Mimosa in the mountains

Quick while it’s in flower.

The mimosa thicket hidden on the mountain top has burst into flower.

This is an amazing secret supply of bouquet material about fifteen minutes walk through the forest from the farm.

The plants were brought back from previous women who lived in this region. Each year they travelled south to Montpellier to pick grapes and fruit and it was a tradition that they would bring back precious seedlings from the warmer southern climate.

And by a miracle some thickets survive.

And thrive.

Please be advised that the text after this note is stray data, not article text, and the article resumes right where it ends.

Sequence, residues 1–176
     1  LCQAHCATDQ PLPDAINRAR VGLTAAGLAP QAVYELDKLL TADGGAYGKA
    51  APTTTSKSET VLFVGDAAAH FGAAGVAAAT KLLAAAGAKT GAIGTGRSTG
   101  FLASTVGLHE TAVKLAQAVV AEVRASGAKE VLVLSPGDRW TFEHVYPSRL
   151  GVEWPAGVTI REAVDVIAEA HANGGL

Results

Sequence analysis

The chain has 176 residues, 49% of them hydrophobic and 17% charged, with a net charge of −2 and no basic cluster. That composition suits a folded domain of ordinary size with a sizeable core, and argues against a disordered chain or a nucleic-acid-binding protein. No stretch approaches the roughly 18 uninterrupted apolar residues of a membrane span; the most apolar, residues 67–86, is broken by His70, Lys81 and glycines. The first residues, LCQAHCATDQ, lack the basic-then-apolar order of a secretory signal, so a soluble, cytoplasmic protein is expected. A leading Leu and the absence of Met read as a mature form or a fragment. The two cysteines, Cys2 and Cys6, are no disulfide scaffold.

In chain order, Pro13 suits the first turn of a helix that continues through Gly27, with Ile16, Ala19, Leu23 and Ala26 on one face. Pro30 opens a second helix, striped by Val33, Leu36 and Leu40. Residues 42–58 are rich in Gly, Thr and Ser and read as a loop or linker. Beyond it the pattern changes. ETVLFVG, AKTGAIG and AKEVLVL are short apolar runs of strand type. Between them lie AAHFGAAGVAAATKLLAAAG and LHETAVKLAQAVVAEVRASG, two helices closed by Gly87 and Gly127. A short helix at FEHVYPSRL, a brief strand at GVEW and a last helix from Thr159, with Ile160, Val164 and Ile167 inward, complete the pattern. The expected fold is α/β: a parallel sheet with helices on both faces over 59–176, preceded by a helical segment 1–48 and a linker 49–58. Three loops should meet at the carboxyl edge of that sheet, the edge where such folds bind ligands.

This one is huge. Not one giant tree, but about fifty seedlings all merrily protected by the stone walls and shelter from the wind.

I climbed in among the thicket to take a snap of the stems. They really are skinny little trees. And it’s only due to their huddling proximity that these ones don’t get slammed by frost.

The seedlings growing in my own garden are still swathed in fleece and protected from the frost. It’s sunny here. Relentlessly so. But overnight we are still having minus temperatures. Ice on the car windscreen, on the top of the water barrels.

And my early morning walk is a brisk one. But when you can walk back round the mountain with an armful of beautifully scented blossom, it’s not all bad.

You can just catch a glimpse of the thicket on the slope on the right. Just near the haystack.

My secateurs will be travelling in my back pocket from now on.